Many people would definitely suffer a big income loss. Some of these individuals are employed in a smaller but still meat-centred business.
Chris Huston, the marketing manager of the popular BBQ restaurants ‘Bodean’s’, gave an interesting insight on how the vegan diet has impacted the company and what he thinks the future might hold.
To start, his view on veganism is really simple and, like the one of the previous interviewee, fairly true. “I think it is a really personal choice. People have their various reasons for doing it, sustainability; animal rights; dietary; etc., and I don’t disagree with any of them, but it is certainly not for everyone.”“Like any diet trend or ‘movement’ there will be a spectrum of supporters and adversaries, and likely good arguments for and against,” Huston says.
This, of course, is both true and relatable. Many diets like vegan and vegetarian have started trending in a specific moment in time, where gym and well-being are considered as the most important thing.
The business of the renowned restaurant doesn’t seem to have suffered the increase of veganism amongst the London population.
If anything, according to Chris Huston, the restaurant is as popular as ever within those whom he calls ‘meat lovers’, who make of the visit to Bodean’s an occasion to celebrate their carnivorous cravings.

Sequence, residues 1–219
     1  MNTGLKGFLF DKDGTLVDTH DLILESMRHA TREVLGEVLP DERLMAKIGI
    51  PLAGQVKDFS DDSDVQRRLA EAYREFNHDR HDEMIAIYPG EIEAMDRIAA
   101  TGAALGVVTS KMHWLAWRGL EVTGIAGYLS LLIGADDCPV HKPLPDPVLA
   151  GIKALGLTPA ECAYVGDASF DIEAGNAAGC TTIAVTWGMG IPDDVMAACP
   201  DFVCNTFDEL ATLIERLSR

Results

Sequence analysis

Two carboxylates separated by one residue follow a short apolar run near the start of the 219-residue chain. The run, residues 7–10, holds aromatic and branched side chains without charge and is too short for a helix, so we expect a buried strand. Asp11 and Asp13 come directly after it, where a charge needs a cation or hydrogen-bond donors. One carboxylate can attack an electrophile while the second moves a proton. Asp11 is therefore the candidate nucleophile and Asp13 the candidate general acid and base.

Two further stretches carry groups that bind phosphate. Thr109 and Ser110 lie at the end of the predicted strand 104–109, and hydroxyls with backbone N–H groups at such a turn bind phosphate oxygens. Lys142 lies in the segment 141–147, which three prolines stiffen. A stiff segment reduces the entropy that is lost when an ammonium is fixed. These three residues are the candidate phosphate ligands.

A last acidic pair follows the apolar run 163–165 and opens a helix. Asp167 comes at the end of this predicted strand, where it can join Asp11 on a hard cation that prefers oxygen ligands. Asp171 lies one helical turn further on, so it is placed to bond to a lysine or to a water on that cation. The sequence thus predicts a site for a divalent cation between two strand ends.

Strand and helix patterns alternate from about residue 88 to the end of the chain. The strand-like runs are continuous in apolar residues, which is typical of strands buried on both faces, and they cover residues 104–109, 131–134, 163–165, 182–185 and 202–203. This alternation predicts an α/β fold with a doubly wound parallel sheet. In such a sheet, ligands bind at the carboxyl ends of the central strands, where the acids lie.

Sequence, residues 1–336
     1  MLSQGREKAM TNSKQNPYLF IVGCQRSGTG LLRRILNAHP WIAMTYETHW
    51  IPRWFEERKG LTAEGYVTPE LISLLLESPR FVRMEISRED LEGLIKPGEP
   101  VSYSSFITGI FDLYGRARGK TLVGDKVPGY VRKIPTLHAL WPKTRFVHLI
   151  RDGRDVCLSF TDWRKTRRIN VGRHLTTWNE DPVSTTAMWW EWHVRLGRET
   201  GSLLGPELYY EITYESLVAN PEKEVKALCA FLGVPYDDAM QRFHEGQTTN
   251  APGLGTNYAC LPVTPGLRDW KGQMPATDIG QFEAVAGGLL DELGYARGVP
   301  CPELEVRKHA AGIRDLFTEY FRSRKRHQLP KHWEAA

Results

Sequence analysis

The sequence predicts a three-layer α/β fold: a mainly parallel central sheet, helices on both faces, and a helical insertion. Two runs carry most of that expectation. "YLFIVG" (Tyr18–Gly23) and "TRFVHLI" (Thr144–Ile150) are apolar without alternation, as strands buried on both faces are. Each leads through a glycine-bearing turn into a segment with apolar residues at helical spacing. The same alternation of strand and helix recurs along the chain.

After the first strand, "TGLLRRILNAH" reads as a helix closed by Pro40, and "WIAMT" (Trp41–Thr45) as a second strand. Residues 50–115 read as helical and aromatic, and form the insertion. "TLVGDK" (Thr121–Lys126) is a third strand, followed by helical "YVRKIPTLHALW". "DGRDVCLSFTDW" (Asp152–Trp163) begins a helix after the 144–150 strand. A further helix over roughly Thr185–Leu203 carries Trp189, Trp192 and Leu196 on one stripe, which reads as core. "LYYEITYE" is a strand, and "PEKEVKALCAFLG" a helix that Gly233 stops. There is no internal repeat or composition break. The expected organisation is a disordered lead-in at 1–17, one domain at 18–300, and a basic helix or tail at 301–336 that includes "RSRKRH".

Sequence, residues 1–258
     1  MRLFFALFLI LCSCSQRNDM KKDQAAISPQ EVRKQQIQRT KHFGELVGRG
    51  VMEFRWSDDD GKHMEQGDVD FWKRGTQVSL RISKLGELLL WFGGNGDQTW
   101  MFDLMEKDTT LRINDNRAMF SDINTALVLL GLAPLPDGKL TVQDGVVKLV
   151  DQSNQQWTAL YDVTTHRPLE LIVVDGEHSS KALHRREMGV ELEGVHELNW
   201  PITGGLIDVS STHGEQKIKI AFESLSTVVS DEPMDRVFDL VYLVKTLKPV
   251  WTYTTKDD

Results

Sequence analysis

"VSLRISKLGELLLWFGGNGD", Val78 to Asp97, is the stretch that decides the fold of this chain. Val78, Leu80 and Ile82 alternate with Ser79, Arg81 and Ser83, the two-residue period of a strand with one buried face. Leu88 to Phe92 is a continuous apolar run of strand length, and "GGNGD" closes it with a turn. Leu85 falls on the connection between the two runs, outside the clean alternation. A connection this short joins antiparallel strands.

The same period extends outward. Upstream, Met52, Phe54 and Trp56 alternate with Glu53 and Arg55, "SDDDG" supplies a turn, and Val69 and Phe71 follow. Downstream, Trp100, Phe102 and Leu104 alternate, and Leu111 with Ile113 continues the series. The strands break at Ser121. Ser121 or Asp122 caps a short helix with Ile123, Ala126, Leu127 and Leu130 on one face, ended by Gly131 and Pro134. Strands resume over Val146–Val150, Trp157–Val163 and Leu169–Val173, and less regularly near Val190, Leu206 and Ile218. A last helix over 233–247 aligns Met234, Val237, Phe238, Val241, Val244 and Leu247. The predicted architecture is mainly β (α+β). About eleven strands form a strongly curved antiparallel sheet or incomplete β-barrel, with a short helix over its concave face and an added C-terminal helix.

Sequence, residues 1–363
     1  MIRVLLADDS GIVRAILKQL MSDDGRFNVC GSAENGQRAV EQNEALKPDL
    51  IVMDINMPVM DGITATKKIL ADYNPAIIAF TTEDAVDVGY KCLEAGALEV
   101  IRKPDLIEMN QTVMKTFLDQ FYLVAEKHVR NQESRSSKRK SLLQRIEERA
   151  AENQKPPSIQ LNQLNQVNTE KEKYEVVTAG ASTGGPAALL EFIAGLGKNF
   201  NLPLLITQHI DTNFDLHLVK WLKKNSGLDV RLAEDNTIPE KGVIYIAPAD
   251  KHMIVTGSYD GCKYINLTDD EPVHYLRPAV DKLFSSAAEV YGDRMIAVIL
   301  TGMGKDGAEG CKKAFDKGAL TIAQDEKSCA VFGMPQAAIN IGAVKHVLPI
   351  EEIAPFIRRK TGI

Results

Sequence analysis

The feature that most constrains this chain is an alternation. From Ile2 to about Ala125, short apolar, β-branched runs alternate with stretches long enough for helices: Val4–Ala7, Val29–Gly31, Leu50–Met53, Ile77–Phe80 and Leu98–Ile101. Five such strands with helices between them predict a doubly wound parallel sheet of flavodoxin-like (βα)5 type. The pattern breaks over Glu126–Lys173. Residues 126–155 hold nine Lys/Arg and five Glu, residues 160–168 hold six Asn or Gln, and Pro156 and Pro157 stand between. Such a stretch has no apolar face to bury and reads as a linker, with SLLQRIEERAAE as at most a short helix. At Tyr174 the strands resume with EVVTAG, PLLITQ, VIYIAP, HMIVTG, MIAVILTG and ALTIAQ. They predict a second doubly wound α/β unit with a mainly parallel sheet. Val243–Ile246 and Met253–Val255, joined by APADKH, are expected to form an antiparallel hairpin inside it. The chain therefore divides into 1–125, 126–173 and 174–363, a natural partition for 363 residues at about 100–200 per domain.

The restaurant doesn’t seem to have changed the business idea that the company started with over a decade ago.
“We are conscious that people have different requirements and want to look at our offering to include more vegetarian options when groups are coming and one person does not eat meat. I don’t foresee vegans seeking us out, or even eating here happily for that matter if they are put off by the presence of meat and meat paraphernalia.”
In Huston’s opinion, veganism is not endangering the empire of meat lovers that Bodean’s has built in London. What has become more of a threat for the business is the growth of different providers.
He cites, as an example, macroeconomic events that are related to advances in technology and sustainability. For instance: on demand delivery of everything, Amazon restaurants and the like.
His worry is that the supply side of business will be affected more than the demand side because of the particular demands of the BBQ restaurant.
“As we always say around here: ‘eat meat responsibly’, protein from animal is completely safe and in fact healthy when consumed in accordance with dietary needs. Humans have been eating meat since the beginning of time, and when it is consumed in moderation with other aspects of a healthy lifestyle people can lead very healthy lives.”
Just like the other side of the spectrum in this vegan or non-vegan battle, people have firm opinions on the matter.
Those who side with the vegan diet have the health of animals and the planet in mind, whereas those who side with the non-vegan diet seem to be thinking more about the health of us as individuals.
With this information in mind, it’s up to you and your beliefs to decide what to eat.
As long as it makes you happy.
Featured image by Bodean’s.